Adding dapping tools to your jewelry skill set will enable you to create domed shapes, which can greatly enhance your designs. We’ve put together some of our best tips to help you get started dapping your metal work.
1. Wood vs. Metal Dapping Sets
2. Larger cavities tend to have a shallow dome, smaller cavities tend to have a deeper dome.
3. When using the channel block, also called a swage, if the metal gets stuck in the wood, you can tap it gently from the side to slide it out.
4. Be aware that metal can stretch when dapping, which can be especially important to consider when the metal has a hole in it, such as a bead cap. The hole can become bigger and/or distorted by dapping, so take care if it needs to be an exact size. It can be difficult to use plier punches to punch a hole once a piece is domed, so drilling a hole after dapping might be the best approach to consider.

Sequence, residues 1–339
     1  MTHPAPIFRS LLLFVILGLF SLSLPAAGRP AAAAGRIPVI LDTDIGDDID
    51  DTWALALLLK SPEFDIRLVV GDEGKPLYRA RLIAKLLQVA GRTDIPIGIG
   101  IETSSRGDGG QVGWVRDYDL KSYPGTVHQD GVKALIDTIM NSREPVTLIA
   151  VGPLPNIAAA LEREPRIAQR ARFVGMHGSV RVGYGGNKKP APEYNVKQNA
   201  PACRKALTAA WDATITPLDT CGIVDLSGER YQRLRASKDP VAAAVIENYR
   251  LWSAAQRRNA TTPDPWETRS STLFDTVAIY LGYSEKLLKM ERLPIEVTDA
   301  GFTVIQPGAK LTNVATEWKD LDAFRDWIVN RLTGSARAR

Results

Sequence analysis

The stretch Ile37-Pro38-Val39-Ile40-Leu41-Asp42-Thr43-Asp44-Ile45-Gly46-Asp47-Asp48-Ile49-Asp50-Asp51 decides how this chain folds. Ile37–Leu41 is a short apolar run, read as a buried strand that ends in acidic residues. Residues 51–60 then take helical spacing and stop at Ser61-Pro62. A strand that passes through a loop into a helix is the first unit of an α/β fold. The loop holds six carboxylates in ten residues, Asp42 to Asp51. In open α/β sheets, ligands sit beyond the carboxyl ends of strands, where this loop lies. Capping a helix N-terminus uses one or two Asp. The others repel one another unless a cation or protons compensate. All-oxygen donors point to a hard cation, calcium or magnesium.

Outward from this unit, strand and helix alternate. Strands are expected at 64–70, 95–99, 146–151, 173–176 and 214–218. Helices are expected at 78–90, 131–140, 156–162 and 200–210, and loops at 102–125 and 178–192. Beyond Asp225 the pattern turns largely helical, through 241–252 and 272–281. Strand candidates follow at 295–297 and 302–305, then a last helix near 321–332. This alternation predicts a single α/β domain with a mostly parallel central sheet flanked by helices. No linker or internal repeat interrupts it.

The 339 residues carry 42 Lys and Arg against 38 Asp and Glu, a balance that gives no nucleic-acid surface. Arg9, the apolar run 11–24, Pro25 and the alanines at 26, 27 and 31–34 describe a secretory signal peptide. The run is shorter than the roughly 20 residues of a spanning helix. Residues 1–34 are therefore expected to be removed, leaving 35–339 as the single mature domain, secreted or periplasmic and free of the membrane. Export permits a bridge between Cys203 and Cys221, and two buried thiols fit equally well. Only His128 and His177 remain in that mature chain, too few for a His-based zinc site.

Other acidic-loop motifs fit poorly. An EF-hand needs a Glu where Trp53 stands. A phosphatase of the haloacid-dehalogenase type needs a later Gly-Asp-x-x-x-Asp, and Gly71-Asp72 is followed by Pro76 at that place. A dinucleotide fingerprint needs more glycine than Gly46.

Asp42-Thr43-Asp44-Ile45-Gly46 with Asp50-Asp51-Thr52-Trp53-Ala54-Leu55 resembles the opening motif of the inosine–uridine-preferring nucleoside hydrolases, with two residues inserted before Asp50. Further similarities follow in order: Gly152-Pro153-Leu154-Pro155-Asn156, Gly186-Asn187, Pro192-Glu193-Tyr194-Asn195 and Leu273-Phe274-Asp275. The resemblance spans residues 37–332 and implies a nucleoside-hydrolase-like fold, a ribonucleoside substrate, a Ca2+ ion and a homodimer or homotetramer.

5. Do all texturing, stamping, and the cutting of your shape before dapping. The domed shape makes it much harder to make these changes after dapping.
6. It is best to work with dead soft metal. If you texture the metal, it would help to soften or anneal it if the metal is 22-gauge or thicker or if a deeper dome is desired. It is possible to lightly texture dead soft 24-gauge copper or silver, and then slightly dome without annealing it. However, the doming process is always easier with dead soft metal and hardened metal should not be used.
5. Using the correct hammer to strike the punches is important. When using metal dapping punches, you can strike it with a brass hammer, ball peen hammer, or a chasing hammer reserved for striking tools. You would not want to use your polished chasing hammer that is used to form, flatten, or texture your metal because the steel punches will mar the face of your polished chasing hammer.